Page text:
But why would anyone care so much about the remains of one long-dead philosopher? The answer lies in Descartes' famous phrase cogito, ergo sum: "I think, therefore I am." At the root of this statement are skepticism and the world-shattering notion that one could look to facts that could be proved for truth rather than relying on the Church's teachings and tradition.
In the years that followed, this powerful idea and Descartes' physical remains became intertwined with many of the major forces that define the modern era, influencing everything from the religious wars of the seventeenth century and the rise of democracy to today's greatest conflicts, such as the struggle between Islamic fascism and the Western world.
About the Author
Russell Shorto is the bestselling author of The Island at the Center of the World and a contributing writer at The New York Times Magazine. He lives in Amsterdam.
Reading Group Guide
1. Descartes' Bones opens with this quotation from Shakespeare's Richard II: "What can we bequeath save our deposed bodies to the ground?" In the context of what we learn in Descartes' Bones, what do you think this quote means? Why did the author choose it?
2. What do you think of the author's conversational writing style, how he weaves his experiences and opinion into the narrative? Did it enhance your reading experience?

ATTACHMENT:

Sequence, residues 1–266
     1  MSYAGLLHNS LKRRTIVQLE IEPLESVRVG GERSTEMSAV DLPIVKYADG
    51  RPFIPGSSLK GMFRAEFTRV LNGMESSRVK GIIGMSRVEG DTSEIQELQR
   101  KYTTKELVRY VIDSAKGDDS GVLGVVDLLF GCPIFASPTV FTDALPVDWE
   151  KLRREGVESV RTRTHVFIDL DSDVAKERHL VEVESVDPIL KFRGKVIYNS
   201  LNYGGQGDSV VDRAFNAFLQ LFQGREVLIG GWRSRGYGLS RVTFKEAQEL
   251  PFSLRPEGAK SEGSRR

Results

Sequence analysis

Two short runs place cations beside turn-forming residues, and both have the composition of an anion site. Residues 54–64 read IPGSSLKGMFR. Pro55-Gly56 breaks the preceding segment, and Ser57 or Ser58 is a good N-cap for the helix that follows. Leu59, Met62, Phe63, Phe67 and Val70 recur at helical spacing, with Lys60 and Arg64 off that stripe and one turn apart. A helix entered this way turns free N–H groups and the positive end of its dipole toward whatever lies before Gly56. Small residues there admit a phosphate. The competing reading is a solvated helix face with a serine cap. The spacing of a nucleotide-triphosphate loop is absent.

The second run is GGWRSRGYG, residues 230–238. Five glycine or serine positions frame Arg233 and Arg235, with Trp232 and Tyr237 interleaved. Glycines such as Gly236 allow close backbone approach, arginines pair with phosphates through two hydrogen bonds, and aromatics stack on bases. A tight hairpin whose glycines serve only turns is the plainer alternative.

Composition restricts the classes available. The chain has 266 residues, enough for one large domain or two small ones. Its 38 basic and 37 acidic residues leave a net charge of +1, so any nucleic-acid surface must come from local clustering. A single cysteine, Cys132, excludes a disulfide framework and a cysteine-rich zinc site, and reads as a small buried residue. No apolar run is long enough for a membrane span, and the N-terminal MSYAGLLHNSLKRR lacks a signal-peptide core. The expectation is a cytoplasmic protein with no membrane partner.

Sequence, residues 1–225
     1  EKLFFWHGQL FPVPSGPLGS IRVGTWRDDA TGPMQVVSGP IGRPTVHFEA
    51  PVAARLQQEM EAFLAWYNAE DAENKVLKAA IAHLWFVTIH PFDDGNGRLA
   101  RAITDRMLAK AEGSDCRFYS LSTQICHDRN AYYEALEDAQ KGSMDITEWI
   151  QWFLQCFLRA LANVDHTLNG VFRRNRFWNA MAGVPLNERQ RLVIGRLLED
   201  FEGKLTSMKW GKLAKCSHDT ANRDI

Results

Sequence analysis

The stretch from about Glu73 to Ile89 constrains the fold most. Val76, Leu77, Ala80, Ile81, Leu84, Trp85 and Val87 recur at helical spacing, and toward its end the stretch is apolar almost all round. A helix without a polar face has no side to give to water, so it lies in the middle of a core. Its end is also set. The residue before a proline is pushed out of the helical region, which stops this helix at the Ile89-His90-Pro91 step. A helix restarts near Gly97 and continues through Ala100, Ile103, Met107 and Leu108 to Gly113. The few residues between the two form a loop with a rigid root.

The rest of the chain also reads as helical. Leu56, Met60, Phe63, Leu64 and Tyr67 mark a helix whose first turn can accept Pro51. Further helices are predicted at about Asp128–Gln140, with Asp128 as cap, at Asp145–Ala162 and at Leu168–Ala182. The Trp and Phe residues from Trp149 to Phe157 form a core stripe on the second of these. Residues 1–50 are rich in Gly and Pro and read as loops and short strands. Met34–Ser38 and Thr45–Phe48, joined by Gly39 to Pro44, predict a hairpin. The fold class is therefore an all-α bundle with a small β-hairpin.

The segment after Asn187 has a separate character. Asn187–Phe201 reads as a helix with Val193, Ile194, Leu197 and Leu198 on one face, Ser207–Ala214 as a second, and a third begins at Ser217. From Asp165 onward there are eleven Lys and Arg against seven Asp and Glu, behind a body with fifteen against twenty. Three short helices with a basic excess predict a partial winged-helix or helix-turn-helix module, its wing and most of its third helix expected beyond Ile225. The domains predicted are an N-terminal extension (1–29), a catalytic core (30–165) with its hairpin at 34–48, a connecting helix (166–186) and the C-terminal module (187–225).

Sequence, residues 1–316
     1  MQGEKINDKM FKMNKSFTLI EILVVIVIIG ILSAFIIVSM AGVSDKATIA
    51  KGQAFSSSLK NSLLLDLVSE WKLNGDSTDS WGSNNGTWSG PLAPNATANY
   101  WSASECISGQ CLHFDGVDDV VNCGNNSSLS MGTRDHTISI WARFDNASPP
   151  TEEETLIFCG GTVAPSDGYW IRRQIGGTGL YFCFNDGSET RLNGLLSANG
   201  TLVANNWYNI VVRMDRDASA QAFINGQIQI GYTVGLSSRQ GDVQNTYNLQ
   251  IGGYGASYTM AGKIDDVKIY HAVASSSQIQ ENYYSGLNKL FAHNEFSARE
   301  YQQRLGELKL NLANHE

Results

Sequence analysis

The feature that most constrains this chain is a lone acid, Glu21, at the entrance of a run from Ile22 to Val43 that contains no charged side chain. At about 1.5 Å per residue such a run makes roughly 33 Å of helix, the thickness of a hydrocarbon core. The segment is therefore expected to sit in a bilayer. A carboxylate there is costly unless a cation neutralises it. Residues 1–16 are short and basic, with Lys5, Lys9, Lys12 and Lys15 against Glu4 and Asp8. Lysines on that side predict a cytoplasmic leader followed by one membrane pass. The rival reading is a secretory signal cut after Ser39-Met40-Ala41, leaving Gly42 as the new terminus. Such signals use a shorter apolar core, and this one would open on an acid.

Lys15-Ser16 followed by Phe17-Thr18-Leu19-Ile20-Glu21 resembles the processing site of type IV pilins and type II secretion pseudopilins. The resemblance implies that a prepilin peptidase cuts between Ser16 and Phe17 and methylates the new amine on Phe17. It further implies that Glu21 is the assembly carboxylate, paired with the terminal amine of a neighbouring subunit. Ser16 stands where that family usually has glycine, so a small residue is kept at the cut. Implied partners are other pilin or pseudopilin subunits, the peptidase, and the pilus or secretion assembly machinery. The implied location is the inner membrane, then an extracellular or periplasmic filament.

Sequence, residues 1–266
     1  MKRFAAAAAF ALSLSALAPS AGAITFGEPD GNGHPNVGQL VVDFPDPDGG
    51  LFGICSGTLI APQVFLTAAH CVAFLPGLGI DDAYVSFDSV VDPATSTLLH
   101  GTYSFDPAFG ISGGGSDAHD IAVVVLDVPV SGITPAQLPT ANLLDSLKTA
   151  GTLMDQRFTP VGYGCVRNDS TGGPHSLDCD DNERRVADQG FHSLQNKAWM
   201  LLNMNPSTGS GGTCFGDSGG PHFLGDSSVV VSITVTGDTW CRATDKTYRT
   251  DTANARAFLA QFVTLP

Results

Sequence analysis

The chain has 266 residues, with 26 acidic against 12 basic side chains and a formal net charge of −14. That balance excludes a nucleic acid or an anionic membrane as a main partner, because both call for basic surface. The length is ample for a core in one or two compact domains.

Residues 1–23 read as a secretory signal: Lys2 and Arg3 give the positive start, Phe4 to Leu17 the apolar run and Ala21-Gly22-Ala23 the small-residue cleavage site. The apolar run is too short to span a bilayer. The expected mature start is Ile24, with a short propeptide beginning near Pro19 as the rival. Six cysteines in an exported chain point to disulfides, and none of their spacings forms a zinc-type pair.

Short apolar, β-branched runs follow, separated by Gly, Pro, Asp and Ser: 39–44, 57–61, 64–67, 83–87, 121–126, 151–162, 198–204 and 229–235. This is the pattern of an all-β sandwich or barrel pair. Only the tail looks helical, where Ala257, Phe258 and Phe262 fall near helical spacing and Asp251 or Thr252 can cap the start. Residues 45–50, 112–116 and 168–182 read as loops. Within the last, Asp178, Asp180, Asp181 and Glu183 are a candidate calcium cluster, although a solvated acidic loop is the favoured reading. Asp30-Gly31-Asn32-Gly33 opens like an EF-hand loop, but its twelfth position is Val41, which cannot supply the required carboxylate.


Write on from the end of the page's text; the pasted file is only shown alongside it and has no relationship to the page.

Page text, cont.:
3. Before reading Descartes' Bones, what meaning did Descartes' most famous saying, "I think, therefore I am," hold for you? Did it change now that you've read the book? How?
4. What is your definition of philosophy? Is there a particular philosopher to whose theories you subscribe? What do you think of Descartes' disproved theory of dualism? Can you understand why it was accepted for so long?
5. "Dr. Mennecier is what you would call a French intellectual….To many people…that would be considered a slur…but the term can also encompass a way of looking at the world that is becoming sadly rare-call it a serious commitment to idiosyncrasy,". How does Descartes embody this description by the author? What about the author himself? How would you describe someone with a "commitment to idiosyncrasy?" Is that a good or bad trait?